Judge blocks Trump Admin's attempt to exclude undocumented immigrants from the Census
As the Census nears its deadline, a federal court blocked what could be the president’s final attempt to block undocumented immigrants from the count.
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On Thursday, Sept. 10, a federal court said that Trump’s order from July that sought to exclude undocumented immigrants from the Census violates the law.
Over the summer, the president tried to remove undocumented immigrants from the census in a memorandum that claimed they should not be counted for the purpose of deciding how many members of Congress would be appointed to each state.
“Respect for the law and protection of the integrity of the democratic process warrant the exclusion of illegal aliens from the apportionment base, to the extent feasible and to the maximum extent of the President's discretion under the law,” read part of Trump’s statement.
Despite the uproar, his July memorandum did not change who would be counted in the 2020 census.
Instead, it was directed at the Commerce Secretary Wilbur Ross, who has to provide the president with a count of the entire population, and a second tally that would have excluded those who were undocumented immigrants.
This last-ditch effort also came after Trump’s administration tried and failed to ask citizenship status on the census.
However, thanks to federal courts in both instances, that will not be the case. They not only stopped it but also claimed that it would cause up to a decade of harm if it were passed.
“We declare the Presidential Memorandum to be an unlawful exercise of the authority granted to the President by statute,” the three judge panel ruled unanimously
#BREAKING: In a major victory, the courts have ruled President Trump cannot exclude undocumented immigrants from congressional apportionment in the #2020Census.— NY AG James (@NewYorkStateAG) September 10, 2020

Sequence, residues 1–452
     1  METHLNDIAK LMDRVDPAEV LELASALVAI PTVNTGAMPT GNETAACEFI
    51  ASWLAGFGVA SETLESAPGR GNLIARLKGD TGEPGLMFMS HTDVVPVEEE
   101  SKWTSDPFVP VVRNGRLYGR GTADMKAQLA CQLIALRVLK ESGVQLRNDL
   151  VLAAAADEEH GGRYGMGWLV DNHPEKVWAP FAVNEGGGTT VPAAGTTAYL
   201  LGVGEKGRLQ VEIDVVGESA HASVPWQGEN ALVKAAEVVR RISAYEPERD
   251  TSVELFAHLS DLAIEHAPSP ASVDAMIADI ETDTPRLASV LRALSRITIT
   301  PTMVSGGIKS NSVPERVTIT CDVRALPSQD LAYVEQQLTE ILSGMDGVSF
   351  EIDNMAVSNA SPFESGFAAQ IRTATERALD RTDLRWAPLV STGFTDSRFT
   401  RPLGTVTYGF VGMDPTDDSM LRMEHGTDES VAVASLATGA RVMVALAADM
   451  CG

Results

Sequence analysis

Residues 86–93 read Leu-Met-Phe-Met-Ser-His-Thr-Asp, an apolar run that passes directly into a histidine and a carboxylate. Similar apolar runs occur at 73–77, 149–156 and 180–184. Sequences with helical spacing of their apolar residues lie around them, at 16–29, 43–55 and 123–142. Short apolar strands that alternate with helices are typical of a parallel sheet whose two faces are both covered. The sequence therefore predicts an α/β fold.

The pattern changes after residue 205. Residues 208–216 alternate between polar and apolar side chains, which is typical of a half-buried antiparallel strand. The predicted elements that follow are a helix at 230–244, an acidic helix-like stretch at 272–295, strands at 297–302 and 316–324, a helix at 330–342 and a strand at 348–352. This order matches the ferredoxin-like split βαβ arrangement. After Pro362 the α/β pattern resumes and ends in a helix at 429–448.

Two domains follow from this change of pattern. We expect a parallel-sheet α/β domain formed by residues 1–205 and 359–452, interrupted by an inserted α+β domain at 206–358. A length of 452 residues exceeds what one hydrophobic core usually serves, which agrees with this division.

No one ceases to be a person because they lack documentation, period. https://t.co/fUNsfM4e63
The judges also ruled Trump’s memorandum violated federal laws that establish how congressional seats are divided and allocated. The political term is apportionment, and is what is used to decide how many members of the House each state will receive depending on the state’s population.
Even the hard deadline set by the administration could change in the coming weeks. Over Labor Day weekend, a California federal judge blocked their attempt to wind down or alter the Census field operations, which are slated to end at the end of September..
This was very good news for those who have grappled with the census for the entire year amid a pandemic.
“This is a huge victory for voting rights and for immigrants' rights. President Trump has tried and failed yet again to weaponize the census against immigrant communities,” said Dale Ho, an attorney for nongovernmental groups in the California suit. “The law is clear — every person counts in the census.”